Law opinion

A preposterous directive on the apprentice lawyers

The delay in the advocate enrolment examination has already fermented deep frustration among many aspiring lawyers rightfully feeling betrayed by a pathetically slow system where even the order of the Appellate Division to “complete the enrolment process of the applicants to be enrolled as advocates in the district courts each calendar year” is not always complied with. A recent directive signed by the General Secretary of Natore Bar Association would not only be hurting them but also shows a deplorable lack of respect to the aspiring lawyers from those who are already in the profession. The directive states that in a general meeting of Natore Bar Association held on 2 April 2019, it had been decided that an apprentice lawyer who has not sit for or has sit for but failed to pass the MCQ part of the lawyer’s enrolment examination or passed the MCQ, but yet to pass the written or viva-voce part of the examination, would not be allowed to sit in the court chamber of lawyers or roam around the court premises as apprentice lawyers. The directive warns that anyone violating this would be subject to all lawful measures.

The directive appears to be misconceived from a legal point of view. While the Bangladesh Bar Council Canons of Professional Conduct and Etiquette (Canons) does not provide anything on the treatment of apprentice lawyers, Rule 10 of Chapter I states that “[j]unior and younger members should always be respectful to senior and older members. The latter are expected to be not only courteous but also helpful to their junior and younger brethren at the Bar”. While the Rule only spells out the duty to be helpful and courteous to the junior colleagues, i.e. enrolled lawyers, the message of mutual respect is unmistakably palpable. It may be argued that the same philosophy should apply to the apprentice lawyers and thus, it runs counter to the spirit of the Canons, if not its letters. By being in the court chamber of lawyers or roaming around the court premises as apprentice lawyers, the aspiring lawyers do not violate any law of the land. Thus, it would have been interesting if the directive specified under what legal authority and what kind of legal action the Bar Association envisages to take measures against any apprentice lawyer violating its dictate.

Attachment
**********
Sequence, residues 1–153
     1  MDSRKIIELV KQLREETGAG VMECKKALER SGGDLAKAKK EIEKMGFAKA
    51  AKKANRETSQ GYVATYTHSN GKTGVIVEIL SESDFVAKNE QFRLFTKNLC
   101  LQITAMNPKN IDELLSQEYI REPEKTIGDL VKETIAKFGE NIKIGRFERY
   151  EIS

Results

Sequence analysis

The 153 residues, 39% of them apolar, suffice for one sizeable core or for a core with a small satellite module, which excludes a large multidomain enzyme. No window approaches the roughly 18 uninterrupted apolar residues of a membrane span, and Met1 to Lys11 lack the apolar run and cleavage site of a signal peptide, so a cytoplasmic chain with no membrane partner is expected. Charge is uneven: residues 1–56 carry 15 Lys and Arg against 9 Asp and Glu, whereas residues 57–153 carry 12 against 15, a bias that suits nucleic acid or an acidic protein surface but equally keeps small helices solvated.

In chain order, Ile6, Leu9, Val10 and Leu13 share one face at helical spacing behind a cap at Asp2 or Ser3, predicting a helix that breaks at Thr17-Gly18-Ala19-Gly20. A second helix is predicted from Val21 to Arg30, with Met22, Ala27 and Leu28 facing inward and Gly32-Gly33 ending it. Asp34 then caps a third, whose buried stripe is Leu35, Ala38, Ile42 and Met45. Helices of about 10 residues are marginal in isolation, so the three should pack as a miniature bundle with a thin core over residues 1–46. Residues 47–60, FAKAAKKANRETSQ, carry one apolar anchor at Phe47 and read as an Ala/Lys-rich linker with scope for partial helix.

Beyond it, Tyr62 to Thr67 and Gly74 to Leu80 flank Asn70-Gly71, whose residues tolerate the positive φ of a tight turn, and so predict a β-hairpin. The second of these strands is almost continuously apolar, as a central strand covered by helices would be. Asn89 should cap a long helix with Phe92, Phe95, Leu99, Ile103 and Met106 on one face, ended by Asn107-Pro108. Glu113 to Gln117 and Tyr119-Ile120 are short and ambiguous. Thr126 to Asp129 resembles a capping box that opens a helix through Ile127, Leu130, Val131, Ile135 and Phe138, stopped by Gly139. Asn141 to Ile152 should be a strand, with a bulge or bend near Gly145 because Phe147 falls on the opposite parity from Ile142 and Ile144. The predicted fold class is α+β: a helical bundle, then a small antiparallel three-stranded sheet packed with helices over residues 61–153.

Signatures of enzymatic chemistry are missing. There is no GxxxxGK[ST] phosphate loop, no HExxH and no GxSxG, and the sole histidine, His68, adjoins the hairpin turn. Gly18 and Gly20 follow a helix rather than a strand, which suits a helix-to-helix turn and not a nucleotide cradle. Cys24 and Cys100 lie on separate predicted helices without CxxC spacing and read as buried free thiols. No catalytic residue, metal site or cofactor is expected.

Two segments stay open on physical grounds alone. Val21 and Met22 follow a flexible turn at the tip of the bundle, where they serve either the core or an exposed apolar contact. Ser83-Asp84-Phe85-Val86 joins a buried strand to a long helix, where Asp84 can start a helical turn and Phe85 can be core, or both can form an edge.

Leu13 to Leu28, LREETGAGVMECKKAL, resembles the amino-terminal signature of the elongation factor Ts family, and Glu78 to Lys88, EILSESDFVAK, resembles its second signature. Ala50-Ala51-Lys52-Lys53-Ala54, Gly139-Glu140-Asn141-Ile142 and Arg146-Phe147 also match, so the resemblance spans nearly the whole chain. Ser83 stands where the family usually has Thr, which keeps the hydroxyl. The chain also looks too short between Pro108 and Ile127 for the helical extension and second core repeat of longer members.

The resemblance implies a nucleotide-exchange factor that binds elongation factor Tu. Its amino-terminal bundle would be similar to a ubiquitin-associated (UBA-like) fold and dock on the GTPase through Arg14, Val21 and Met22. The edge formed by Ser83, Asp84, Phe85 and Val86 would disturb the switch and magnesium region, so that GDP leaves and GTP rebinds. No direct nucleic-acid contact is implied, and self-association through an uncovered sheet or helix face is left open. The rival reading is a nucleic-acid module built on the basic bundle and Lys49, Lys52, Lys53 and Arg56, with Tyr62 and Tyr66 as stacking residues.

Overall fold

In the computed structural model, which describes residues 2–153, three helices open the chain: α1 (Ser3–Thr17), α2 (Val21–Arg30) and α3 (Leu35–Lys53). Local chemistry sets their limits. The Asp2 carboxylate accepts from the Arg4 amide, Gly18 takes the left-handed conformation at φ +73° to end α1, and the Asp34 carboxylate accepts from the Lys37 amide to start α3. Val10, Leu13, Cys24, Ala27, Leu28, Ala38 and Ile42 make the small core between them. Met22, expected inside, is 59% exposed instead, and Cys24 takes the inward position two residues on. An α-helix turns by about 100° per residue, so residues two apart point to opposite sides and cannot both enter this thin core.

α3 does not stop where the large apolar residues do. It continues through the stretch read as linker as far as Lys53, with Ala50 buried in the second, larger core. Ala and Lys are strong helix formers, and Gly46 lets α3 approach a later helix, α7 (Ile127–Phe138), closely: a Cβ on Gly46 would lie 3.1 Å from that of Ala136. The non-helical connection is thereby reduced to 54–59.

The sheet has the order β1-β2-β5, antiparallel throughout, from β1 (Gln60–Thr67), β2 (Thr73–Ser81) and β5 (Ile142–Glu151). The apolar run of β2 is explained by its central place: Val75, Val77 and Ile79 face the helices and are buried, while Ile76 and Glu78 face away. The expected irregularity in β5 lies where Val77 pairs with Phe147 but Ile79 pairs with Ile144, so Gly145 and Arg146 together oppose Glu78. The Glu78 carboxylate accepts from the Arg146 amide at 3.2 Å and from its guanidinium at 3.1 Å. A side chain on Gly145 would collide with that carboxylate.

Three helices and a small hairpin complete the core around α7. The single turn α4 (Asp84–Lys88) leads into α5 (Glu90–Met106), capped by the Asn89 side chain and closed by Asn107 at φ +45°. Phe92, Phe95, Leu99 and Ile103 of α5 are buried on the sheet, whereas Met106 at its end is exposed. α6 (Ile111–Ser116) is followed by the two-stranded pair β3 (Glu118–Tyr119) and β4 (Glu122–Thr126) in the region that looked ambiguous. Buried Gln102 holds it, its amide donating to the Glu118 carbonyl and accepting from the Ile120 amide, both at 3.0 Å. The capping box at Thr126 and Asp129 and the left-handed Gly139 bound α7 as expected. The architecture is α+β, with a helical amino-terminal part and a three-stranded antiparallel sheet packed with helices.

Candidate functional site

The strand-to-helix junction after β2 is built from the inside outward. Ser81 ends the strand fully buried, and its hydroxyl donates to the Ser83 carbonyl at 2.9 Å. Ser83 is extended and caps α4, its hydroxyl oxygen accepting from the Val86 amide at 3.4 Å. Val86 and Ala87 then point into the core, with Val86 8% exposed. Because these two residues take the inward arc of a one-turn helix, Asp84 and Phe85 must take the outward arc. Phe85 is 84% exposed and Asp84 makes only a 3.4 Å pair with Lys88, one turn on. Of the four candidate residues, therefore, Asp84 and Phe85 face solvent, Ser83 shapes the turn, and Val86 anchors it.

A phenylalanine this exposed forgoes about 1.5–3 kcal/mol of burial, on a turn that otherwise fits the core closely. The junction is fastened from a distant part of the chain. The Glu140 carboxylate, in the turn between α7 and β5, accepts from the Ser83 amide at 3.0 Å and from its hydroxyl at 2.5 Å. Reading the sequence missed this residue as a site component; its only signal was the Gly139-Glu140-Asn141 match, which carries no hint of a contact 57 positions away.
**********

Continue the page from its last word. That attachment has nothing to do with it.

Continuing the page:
Indeed, it is dubious that the Bar Association even possesses the power to make any directive as to who would be roaming in the court premises as the court is a public place. The Association has a role in upholding the standard of the legal profession, not to decide who stays in the court premises as apprentice lawyers. The Bangladesh Legal Practitioners and Bar Council Rules, 1972 requires that before being admitted as an advocate, a person must take training regularly for a continuous period of six months as a pupil in the Chamber of an Advocate who has a practising experience of at least 10 years. Indeed, preparing notes on the cases on which an apprentice has assisted the senior lawyer is a part of the lawyer’s enrolment examination. So, it is not understandable when apprentice lawyers are prevented from sitting in the court chamber of lawyers or roam around the court premises as apprentice lawyers, how they can comply with these prerequisites for entering the legal profession. By this token, it would appear that the directive squarely contradicts the Bangladesh Legal Practitioners and Bar Council Rules, 1972 for which the office-bears of the Association should be legally answerable.

Beyond the question of the legal infirmity of the directive, its moral vapidity and undesirability are patent too. It shows an utter disrespect to the apprentice lawyers who would be junior colleagues in days to come. While an apprentice is not yet a lawyer, she/he is working to be one. There is a widespread perception held by many in the legal community in Bangladesh that many apprentice lawyers do not pay enough attention to the court practice. Observing the court proceeding as an apprentice lawyer is an integral part of the grooming of these would be lawyers and the Bar Association should have no business in preventing this. This is not just an issue of rights and dignity of the apprentice lawyers, but also an issue of not giving them enough space to hone their professional skill which may contribute to the deterioration of the standard of the profession.

To give the directive the benefit of the doubt, one may perceive it intended to prevent touts masquerading as apprentice lawyers cheating unsuspecting litigants which have sometimes been an issue. However, the unequivocal wording of the directive leaves little room to take this line of reasoning, as it targets ‘apprentice lawyers’. If touts are targeted, then they would have been targeted categorically. If for the sake of argument, we assume that the directive is actually not intended to target bona fide apprentice lawyers, then it is sad that the Bar Association has been so sloppy in conveying its message. It is high time that the leadership of Bangladesh Bar Council plays its role in dealing with this kind of a preposterous directive which does nothing to uphold the dignity of the bar and undermines the dignity of aspiring lawyers and also in turn, that of the legal profession.


The writer is an Associate Professor, Department of Law, North South University.



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যুক্তরাষ্ট্রের নতুন ভিসানীতি সরকারকে নাড়িয়ে দিয়েছে: গণতন্ত্র মঞ্চ

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